There was a candidate:  William Morrison, grandson of  my 4x grandfather William of Burke County.  The candidate William was born in 1799, married in 1823 and was the father of one daughter born in 1824 (these facts from the Revolutionary War pension documents of his father, also William Morrison.)  My candidate was present in the Dickson County, Tennessee, census in 1830.  He was a beneficiary of the estate of his father William of Dickson County (the Revolutionary War pension petitioner), who died in 1835.  Records in Dickson County indicated that the younger William lived in Benton County, Tennessee (about 40 miles west of Dickson County) in 1838, when he sold his birthright to a man named Patterson for $200.00.  Records in Benton County indicate that he bought land there around 1839 or 1840.  In 1842 he conveyed (presumably sold) his land to a man named Shirley.  He and his family numbered nine people in the 1840 Benton County census:  2 males under 5 years of age; 1 male aged 5-9; 1 male aged 10-14; a male aged 30-39; 1 female under 5; 1 female aged 5-9; 1 female aged 10-14; and a female aged 30-39.  After September of 1842, this entire family vanished from public records.

Not only is the above William a candidate to be Dennis Morrison’s ancestor; none of the other male grandchildren of William Morrison of Burke County named William qualify as a candidate.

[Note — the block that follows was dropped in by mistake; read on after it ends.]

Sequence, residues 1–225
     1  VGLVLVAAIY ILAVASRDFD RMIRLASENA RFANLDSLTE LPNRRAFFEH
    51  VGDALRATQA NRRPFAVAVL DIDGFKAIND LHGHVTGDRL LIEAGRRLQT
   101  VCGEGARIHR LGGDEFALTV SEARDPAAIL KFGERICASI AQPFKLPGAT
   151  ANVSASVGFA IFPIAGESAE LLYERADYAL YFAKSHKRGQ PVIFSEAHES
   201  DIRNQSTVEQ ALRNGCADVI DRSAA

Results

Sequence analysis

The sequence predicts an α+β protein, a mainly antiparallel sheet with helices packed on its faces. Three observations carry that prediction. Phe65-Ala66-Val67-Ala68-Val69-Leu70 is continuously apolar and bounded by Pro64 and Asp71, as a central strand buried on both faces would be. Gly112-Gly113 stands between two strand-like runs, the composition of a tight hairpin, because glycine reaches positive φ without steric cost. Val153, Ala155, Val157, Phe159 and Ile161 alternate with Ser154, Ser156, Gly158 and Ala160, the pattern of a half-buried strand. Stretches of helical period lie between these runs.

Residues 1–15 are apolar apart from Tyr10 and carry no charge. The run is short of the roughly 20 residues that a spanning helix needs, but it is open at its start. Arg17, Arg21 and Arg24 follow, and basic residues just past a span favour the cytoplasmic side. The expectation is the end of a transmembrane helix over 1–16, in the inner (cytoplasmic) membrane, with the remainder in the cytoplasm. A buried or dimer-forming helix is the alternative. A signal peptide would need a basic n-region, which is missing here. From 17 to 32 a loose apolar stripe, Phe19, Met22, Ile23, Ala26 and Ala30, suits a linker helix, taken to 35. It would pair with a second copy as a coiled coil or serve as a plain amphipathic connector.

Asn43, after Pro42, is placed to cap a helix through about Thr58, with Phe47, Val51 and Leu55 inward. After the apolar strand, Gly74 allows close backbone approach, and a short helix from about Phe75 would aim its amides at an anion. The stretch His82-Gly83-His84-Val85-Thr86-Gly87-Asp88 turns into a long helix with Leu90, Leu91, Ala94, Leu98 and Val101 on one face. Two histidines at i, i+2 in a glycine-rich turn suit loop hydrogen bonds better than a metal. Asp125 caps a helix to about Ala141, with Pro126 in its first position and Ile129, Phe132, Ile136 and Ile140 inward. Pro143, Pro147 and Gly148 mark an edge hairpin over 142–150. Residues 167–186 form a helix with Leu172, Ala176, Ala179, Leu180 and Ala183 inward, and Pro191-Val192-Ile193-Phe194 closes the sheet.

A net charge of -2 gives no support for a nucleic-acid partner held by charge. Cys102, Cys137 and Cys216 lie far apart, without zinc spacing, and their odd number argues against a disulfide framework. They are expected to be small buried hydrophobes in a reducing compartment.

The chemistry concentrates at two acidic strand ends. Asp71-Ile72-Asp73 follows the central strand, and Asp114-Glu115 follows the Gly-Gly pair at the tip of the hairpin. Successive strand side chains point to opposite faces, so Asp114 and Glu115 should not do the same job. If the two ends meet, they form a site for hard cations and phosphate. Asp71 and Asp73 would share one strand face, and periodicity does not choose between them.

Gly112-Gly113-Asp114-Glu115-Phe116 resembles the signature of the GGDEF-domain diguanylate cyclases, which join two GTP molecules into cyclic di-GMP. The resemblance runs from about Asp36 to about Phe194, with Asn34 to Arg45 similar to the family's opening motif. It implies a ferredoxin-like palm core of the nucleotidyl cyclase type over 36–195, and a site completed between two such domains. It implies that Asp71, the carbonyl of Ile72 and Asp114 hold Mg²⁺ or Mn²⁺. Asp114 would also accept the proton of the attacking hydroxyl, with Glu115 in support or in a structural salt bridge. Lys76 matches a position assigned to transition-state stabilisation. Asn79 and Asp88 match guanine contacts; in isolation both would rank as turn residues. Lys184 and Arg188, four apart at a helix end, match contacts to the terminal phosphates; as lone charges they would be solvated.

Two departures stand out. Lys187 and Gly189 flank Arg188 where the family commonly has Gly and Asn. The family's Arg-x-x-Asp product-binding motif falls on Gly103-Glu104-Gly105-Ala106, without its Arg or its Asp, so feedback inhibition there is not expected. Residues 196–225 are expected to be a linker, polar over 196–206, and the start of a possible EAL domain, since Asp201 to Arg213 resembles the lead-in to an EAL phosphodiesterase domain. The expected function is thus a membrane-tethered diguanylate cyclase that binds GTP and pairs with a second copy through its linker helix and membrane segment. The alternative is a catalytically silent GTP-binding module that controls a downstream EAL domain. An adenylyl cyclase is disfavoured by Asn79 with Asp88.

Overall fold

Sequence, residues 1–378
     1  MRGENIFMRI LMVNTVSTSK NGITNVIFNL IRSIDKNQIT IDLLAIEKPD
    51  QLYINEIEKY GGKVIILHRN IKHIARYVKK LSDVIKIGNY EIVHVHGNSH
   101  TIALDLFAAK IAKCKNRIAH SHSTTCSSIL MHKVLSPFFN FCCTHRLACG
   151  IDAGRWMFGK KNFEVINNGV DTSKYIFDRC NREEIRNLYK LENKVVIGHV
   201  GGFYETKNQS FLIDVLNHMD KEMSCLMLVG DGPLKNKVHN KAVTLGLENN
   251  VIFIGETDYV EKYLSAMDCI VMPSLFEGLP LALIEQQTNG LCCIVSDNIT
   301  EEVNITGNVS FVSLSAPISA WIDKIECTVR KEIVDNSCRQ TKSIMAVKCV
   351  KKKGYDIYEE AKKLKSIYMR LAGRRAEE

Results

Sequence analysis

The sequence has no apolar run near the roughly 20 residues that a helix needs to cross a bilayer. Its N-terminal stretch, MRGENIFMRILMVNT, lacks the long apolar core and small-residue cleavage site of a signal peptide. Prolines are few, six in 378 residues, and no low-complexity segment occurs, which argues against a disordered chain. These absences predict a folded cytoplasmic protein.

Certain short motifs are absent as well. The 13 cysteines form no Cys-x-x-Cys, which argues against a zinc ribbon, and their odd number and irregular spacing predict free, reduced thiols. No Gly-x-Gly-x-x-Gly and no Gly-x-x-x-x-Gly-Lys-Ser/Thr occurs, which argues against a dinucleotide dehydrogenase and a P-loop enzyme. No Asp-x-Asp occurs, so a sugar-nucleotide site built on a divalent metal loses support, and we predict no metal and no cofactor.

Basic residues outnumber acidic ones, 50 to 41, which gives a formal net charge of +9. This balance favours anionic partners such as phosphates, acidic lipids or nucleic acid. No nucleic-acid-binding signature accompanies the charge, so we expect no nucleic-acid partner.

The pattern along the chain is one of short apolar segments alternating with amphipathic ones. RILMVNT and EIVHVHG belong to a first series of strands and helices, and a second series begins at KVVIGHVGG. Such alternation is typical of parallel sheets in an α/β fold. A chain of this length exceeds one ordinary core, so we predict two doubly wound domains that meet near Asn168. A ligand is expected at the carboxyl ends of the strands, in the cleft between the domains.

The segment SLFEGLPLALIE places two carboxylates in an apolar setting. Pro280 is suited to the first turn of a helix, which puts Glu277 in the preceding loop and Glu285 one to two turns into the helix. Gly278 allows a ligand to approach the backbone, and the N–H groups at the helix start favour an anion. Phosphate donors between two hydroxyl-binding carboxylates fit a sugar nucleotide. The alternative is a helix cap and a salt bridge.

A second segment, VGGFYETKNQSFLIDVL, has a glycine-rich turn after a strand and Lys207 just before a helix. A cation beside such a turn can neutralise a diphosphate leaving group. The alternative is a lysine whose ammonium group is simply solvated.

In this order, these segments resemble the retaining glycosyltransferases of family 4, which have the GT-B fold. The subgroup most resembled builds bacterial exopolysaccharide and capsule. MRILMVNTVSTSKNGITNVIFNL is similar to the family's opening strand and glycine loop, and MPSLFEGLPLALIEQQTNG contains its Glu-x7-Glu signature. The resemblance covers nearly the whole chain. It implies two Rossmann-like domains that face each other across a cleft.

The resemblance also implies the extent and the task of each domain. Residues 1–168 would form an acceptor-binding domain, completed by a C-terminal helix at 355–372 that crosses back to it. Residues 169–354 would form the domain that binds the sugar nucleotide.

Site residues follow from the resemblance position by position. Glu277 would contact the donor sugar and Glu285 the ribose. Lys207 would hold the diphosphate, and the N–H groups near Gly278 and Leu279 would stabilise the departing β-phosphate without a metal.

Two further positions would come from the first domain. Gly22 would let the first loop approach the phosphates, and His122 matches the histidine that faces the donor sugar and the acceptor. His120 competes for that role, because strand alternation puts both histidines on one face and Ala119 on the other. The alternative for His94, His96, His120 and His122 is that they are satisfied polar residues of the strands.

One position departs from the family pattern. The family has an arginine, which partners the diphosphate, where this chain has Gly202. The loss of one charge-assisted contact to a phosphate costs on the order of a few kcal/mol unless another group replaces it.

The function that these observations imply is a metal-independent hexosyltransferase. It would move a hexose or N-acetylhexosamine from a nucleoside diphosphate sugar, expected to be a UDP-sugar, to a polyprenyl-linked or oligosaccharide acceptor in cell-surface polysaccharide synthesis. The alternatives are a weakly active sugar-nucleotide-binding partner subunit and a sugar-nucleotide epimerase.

The male children of William of Burke County were:  James, born ca. 1754; William (the Rev. War pensioner who left N.C. for Tennessee in 1796), born 1757; John, who moved to Rutherford County, NC, in 1802, born ca. 1764; Andrew, born about 1767, who died in Burke County in 1811; and Thomas, probably born after 1770, who it seems never married.

James only had one son, Thomas.

John, my 3x grandfather, had at least eight sons, one of whom, William, was born in 1795.  However, the records are clear on this man: he left Rutherford County shortly after 1830 and moved to Macon County, North Carolina.  He died there about 1865.

Andrew, who died in 1811 in Burke County, left several sons, one of whom was named William.  The record is clear about this man, too.  He married in North Carolina and journeyed with a man named Ballew to what is now Laclede County, Missouri, where he died in the early 1830‘s.

Thomas, the remaining son of William of Burke, had no children.

Both “Illinois” Jim Morrison and I have searched diligently for any member of my candidate’s family, recognizing at the outset that we had only three names to work with: William, born in 1799; his wife Naomy (Knight), whom he married in 1823; and his oldest daughter, Nancy Jean, born in 1824.  Not one of them was found.

What became of this family? The public records were scoured and yielded not a single clue.

Under these circumstances, it is easy to see where my imagination took me.